Let me make something very clear. Olija is a blast to play. At first glance it’s a simple 2D action adventure title, but beneath that veil lies a surprisingly fun and gripping game. With exceptional music and some great depth to combat, this is one to look out for.
In a marriage of Asian and Sailor’s legends, Olija tells the tale of Lord Faraday’s journey across the isles of Terraphage. You and your crew, have been lost at sea. You awaken alone in this strange land and set out to restore your crew, and find a way back home.
Combat and exploration are at Olija’s core, both being a big draw for the title. Olija makes use of metroidvania style exploration. Maps have slightly interconnected pathways, requiring you to do some light backtracking to find collectables, ingredients, and items necessary to progress the story. However, none of the maps are sprawling labyrinths that hold secrets in every crevice. This makes it an accessible metroidvania style adventure, for those unaccustomed to or against that style of exploration and traversal. Though, it may leave those wishing for some deeper exploration, a little underwhelmed.
Harpoons Aren’t Just For Fishing
Olija’s Combat has some surprising depth to it. There is a relatively wide selection of weapons to use from a musket, to your magical harpoon. I will say, however that not every weapon at your disposal felt absolutely necessary; for instance I hardly used the crossbow or musket. In fact I only remember two instances, one of which was out of necessity. Ranged weapons just never trumped the satisfaction that came with close quarters fights.
The magical harpoon you wield is the bread and butter of both the title’s combat and exploration. It allows you to teleport when thrown at certain items. This makes for some interesting platforming that becomes flashier as the story progresses and you become comfortable with the mechanic. It’s always a heap of fun to zip around teleporting all over the place. You can also throw the harpoon at enemies teleporting to them while dealing damage at the same time. This allows you to cover distance and get straight into the fight.
The harpoon mechanic makes for some gorgeous fights, at the very least in terms of visual appeal. It lends itself well to the more frenetic encounters, especially the boss battles. These fights were definitely the highlights of gameplay, creating some memorable moments when going toe to toe with Olija’s big-bads. Each battle comes with some variety in how to handle them. You might find yourself losing the first couple rounds, but none of the bosses ever felt insurmountable. In my opinion they held just the right amount of challenge.
Skeleton Crew Studios, the developer of Olija, managed to fit some very light crafting into this game. Ingredients can be found throughout the world, which enable you to craft hats. The headgear here grants certain abilities to its user, such as an immunity to poison damage while dealing some yourself. This is part of what incentivises you to go out and explore in the first place. Combining basic moves with the harpoon’s teleportation, and hat abilities make for some deliciously flashy plays. This results in an extremely satisfying gameplay loop and keeps it fresh throughout the campaign.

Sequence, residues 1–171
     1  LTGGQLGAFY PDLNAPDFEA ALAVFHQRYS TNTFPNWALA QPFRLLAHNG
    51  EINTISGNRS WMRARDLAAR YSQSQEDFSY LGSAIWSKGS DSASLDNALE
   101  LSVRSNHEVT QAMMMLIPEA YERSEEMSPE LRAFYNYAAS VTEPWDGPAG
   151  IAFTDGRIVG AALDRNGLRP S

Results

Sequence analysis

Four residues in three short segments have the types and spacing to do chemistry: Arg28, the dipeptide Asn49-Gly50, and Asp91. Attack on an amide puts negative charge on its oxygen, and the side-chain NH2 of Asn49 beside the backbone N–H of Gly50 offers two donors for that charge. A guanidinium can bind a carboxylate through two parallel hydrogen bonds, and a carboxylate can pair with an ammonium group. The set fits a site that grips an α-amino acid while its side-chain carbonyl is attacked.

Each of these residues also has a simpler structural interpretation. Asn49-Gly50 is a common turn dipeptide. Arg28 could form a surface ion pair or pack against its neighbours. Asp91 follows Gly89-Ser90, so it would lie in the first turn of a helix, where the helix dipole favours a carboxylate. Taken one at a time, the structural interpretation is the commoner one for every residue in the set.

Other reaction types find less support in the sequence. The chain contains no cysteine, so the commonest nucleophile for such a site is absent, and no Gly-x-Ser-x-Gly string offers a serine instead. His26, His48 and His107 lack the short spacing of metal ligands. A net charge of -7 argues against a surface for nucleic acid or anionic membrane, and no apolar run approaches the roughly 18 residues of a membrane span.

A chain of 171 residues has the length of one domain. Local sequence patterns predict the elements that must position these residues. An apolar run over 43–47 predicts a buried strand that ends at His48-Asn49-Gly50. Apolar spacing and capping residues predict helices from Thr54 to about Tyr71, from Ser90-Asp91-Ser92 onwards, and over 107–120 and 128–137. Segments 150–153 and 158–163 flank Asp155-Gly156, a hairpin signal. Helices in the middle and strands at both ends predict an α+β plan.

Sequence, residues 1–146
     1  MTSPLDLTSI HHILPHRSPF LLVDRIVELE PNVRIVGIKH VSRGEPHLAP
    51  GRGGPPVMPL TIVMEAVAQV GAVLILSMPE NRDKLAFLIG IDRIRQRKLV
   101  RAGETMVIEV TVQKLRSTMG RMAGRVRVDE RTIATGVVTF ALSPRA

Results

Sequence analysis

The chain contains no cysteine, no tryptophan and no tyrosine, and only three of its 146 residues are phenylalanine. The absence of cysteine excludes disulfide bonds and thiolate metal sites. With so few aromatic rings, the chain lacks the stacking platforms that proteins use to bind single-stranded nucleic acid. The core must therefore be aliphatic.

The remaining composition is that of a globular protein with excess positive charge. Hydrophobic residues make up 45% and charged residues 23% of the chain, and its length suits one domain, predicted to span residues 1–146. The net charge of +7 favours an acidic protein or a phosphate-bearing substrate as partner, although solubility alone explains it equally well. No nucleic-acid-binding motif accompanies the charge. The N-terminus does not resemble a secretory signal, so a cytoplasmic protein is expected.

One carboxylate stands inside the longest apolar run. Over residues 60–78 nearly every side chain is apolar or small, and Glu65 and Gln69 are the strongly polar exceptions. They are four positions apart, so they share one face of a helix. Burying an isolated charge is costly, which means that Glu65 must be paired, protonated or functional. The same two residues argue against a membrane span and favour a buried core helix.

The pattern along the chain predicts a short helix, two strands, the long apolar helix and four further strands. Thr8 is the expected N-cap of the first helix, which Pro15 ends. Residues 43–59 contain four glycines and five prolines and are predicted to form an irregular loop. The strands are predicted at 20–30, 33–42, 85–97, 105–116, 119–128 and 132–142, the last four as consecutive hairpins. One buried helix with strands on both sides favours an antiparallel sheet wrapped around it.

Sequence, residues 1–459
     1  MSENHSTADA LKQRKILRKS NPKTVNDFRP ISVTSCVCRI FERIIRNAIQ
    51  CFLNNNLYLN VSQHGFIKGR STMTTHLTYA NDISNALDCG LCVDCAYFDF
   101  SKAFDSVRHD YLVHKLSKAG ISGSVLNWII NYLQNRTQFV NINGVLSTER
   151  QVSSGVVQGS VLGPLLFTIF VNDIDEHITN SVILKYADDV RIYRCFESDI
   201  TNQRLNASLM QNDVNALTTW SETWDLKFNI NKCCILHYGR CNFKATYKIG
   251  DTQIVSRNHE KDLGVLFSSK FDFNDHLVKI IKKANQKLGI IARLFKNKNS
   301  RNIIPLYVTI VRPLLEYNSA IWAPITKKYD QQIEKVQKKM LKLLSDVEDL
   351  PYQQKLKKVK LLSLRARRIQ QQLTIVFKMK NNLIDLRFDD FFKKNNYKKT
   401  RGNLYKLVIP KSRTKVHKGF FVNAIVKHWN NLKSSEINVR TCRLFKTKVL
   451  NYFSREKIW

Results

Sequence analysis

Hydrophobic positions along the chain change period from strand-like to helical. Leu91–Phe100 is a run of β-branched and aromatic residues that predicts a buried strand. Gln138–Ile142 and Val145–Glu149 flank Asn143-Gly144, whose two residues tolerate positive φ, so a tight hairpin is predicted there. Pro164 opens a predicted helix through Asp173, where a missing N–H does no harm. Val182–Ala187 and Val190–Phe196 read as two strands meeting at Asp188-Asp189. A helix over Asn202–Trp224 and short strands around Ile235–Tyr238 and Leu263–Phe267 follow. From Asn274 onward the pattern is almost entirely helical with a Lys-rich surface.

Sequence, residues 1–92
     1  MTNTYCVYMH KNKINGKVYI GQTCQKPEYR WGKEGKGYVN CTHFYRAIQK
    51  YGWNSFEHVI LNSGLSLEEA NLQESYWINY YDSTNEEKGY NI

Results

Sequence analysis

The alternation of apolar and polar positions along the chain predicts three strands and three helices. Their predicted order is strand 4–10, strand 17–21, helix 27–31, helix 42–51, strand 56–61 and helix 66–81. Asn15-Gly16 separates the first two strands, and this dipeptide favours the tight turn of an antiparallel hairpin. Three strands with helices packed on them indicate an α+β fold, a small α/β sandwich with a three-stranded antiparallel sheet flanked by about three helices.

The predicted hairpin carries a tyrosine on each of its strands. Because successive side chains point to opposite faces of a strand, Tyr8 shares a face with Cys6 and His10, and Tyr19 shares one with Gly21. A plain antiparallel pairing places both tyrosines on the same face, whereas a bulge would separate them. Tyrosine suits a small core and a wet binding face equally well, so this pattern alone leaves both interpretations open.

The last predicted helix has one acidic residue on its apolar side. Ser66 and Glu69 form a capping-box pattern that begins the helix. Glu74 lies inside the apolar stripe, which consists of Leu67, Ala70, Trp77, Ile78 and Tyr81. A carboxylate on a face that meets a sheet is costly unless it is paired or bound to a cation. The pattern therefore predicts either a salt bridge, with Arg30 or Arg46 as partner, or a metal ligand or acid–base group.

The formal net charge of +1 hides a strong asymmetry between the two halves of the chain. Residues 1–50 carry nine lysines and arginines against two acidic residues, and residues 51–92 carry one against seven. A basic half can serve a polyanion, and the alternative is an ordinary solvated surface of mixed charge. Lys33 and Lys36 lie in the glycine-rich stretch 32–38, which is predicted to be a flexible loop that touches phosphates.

Your Eyes & Ears Will Thank You
Olija is a title inspired by the artstyle of the 16-bit era, and makes great use of this for their world design. The game has a dark beauty one cannot help but appreciate. Alongside this macabre aesthetic, are also moments of serenity, supported immensely by its soundtrack.
The star of the show has to be the music. I was constantly grinning from ear to ear at the music of Olija. The sheer variety and fusion of genres were a pleasure for the ears. Certain songs contain elements of instruments like the Quena flute and Shamisen. Throughout the campaign there are notes of flamenco, traditional Japanese music, and the type of percussion and synthesizers one would hear in lo-fi beats. A few tracks even include the saxophone, which just goes to show the great selection of audio on display. Honestly the music is the best part of Olija to me. I look forward to the original soundtrack becoming available so I can enjoy it all over again.
Can I Have Some More?
The only bad thing I have to say about Olija is that it’s tragically short. The whole thing can be completed in around 4 hours. By that point, I know I wasn’t ready to say goodbye yet. What pains me even more is the lack of incentive to start a new campaign. This will lead to many players moving on after finishing Olija. I know I’ll be back to play it again in a couple of months, but I’m already hungry for more. That being said, I’m looking forward to the next project to come out of Skeleton Crew Studios.
I don’t think anyone will regret their admittedly limited time with Olija, it’s a joyride from start to finish. An all around great title with some excellent combat, exploration, and phenomenal music.